By Erin Walgamuth
Four O’clock in the afternoon is official tea time at my house. Typically I’ve run all the errands for the day, everyone is settled and I don’t have to think about starting dinner for an hour or so.
I am from an Irish-Welsh family and have very fond memories of having afternoon tea with my Welsh Grandmother and Great Grandmother. We would sit in my Grandmother’s sunny yellow kitchen and drink our tea any afternoon that I was there. My tea was mostly milk and sugar, but I felt so grown up sharing this very coveted ritual with two women I adored. My Grandmother would always serve tea in her Franciscan Apple pattern tea cups. I was given a demitasse cup for my tea which I delighted in as I thought it was made especially for my small hands.
She would put an assortment of cookies and tea breads on an Apple pattern platter and I was allowed to select two treats. I don’t know if my Grandmother knew that my Great Grandmother would put an extra cookie in my hand under the table, but I loved the fact that it was our secret.
Don't miss a thing. Get breaking news alerts delivered right to your inbox.
My husband’s family is German and they had tea every day as well. So, we have passed this tradition on to our children. I will occasionally make tea bread for just such occasions and Meyer Lemon Tea Bread is my family’s favorite. This recipe makes a tender tea bread, not too sweet, with a lovely lemony taste. I am going to include a lemon syrup recipe as an option for those of you who would like to add a bit more sweetness.
This time of year you can find Meyer Lemons at most supermarkets and at Trader Joe’s. This citrus fruit is thought to be a cross between a Mandarin Orange and a common lemon. Typically the skin has a slightly orange tinge and is thin and smooth. The flesh is slightly sweeter than a common lemon as well. We have a Meyer lemon tree in our backyard and baby it all through the winter as we covet the wonderful fruit it provides. If you can not find Meyer lemons, then common lemons will do just fine. I do however; add an extra tablespoon of sugar to the recipe if not using Meyer Lemons.
I hope you and your family enjoy this tea bread.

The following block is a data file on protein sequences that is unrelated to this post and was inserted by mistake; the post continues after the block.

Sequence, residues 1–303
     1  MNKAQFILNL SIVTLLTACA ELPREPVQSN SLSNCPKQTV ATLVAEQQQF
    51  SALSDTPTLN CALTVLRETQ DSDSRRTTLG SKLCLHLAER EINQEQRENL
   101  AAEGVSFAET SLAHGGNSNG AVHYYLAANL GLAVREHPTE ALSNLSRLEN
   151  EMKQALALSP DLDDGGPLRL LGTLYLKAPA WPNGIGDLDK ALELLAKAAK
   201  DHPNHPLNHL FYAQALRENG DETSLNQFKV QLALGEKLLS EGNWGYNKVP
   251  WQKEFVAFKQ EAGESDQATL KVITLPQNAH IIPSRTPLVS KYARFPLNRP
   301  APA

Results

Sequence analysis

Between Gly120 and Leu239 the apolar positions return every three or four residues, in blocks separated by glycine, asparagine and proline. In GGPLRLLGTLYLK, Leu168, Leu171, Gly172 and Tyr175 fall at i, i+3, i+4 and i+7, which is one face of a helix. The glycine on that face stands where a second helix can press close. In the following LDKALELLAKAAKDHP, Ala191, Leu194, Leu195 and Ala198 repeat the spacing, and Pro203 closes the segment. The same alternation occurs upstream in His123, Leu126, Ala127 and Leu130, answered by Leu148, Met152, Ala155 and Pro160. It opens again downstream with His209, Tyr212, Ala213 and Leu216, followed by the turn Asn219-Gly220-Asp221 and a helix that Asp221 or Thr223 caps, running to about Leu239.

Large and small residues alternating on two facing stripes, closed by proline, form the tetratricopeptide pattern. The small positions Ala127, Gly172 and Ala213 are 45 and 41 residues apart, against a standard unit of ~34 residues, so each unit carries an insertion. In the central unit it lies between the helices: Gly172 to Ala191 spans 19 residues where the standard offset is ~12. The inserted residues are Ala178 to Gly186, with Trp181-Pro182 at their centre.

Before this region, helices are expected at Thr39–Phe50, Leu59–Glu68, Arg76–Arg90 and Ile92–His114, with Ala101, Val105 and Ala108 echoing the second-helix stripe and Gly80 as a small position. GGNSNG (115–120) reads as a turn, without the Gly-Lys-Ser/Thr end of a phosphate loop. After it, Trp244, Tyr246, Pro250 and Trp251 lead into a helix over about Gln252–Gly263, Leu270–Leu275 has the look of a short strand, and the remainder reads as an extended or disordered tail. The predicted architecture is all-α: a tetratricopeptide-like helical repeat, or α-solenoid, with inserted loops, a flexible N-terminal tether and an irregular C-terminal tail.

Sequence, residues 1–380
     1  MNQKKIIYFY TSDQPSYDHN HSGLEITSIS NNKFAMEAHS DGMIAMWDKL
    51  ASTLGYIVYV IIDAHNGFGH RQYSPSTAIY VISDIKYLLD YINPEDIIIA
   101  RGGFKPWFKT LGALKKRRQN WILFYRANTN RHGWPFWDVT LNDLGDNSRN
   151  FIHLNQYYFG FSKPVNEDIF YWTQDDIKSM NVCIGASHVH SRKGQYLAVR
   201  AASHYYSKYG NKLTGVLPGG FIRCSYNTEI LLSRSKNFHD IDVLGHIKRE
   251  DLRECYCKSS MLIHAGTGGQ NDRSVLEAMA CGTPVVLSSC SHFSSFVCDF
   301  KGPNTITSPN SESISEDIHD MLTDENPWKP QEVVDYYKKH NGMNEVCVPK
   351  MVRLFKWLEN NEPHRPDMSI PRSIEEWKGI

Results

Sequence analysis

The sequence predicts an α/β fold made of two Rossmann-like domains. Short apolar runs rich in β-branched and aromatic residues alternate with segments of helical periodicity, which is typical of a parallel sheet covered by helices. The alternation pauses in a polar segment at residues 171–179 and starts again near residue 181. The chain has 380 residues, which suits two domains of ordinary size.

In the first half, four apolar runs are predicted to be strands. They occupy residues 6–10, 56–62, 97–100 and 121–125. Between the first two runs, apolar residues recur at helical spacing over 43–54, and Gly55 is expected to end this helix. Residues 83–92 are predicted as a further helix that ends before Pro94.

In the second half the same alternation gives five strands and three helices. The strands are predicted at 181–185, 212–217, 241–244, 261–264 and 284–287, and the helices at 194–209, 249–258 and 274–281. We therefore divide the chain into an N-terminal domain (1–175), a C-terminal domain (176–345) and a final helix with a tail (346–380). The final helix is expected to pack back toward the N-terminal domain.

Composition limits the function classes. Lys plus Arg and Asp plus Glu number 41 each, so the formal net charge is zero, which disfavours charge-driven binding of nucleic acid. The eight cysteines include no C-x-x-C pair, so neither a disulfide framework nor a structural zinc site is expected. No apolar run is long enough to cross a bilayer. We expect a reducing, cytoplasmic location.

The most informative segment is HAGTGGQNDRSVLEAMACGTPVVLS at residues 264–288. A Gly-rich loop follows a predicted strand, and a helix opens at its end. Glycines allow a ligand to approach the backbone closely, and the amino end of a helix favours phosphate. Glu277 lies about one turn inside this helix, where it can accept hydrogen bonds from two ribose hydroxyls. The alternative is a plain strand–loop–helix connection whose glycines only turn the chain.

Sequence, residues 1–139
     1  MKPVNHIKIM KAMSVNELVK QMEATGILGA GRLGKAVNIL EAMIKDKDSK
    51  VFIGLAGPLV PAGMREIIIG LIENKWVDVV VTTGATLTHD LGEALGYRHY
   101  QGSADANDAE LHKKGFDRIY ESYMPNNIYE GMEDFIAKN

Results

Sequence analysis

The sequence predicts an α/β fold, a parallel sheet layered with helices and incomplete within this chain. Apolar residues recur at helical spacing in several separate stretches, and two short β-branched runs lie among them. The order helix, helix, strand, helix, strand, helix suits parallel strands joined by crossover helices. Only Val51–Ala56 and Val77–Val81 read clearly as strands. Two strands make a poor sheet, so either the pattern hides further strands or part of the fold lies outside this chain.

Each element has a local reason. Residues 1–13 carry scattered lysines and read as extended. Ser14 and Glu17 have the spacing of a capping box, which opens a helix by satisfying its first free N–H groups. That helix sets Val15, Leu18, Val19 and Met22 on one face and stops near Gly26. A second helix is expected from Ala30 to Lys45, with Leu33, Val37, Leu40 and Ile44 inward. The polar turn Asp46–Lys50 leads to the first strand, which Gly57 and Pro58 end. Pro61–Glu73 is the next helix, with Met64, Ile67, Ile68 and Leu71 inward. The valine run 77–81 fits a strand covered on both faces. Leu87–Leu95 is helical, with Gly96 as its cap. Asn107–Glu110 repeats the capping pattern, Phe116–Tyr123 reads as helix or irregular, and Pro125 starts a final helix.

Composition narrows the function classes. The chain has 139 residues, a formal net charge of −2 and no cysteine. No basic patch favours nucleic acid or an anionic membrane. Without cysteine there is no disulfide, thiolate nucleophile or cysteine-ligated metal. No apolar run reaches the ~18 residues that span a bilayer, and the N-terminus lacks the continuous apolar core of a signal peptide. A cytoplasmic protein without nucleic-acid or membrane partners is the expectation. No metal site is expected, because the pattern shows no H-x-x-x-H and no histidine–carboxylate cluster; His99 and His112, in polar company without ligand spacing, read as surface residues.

Myer Lemon Tea Bread
You will need
9” glass loaf pan
Prep-time about 15 minutes
Cook time 45 minutes
Pre-heat oven to 325 degrees
6 tablespoons butter
1 cup granulated sugar
2 large eggs
1 teaspoon vanilla
2 tablespoons Meyer lemon zest
1 ½ cups all-purpose flour
1 teaspoon baking powder
½ teaspoon salt
½ cup buttermilk
2 tablespoon Meyer lemon juice
Butter or spray release for greasing tube pan
Note-If you use a dark metal tube pan the cooking time will be shorter.
Grease the inside of the tube pan with butter or spray release and set aside.
In a large bowl, cream butter and sugar until light and fluffy. Whisk in eggs one at a time until well incorporated. Whisk in vanilla and lemon zest, set aside.
In a medium bowl mix together the flour, baking powder and salt, set aside.
In a 1 cup measuring cup whisk together the buttermilk and lemon juice. Batter will be slightly thick.
Add the flour mixture to the butter and sugar mixture in three parts and add some of the buttermilk-lemon mixture after each addition of flour. Combine well after each addition ending with the buttermilk-lemon mixture. Stir well to incorporate all ingredients.
Pour batter into prepared tube pan and bake in pre-heated oven for 45 minutes. The tea bread is done when golden brown and cake tester comes out clean.
Let tea bread cool for ten minutes then run a sharp knife around the edges. Let loaf sit for another 20 minutes then turn out onto a plate and let stand until cool. Use a sharp knife to cut slices.
If you would like to use the syrup recipe, turn the bread out onto a cooling rack with a platter underneath. Pour the syrup over the loaf and let set for 15 minutes before transferring to a serving plate. Slice and serve.
Meyer lemon Syrup
½ cup powdered sugar
3-4 tablespoon lemon juice
1 teaspoon lemon zest
Put the powdered sugar in a small bowl and stir in the lemon juice 1 tablespoon at a time, stirring well after each addition. If the syrup has small lumps in it, pour the mixture through a small sieve before adding the lemon zest.
Erin Walgamuth  has been an assistant Food Stylist for television and print for the past 26 years and writes this column using her own recipes. Check out her other creations in our Hometown Recipe  section.
Do you love Erin's recipes? Get our latest Hometown Recipes directly from Erin to you once a week! Our free weekly Hometown Recipes newsletter will keep you up to date on her latest delicious dishes, sign up now!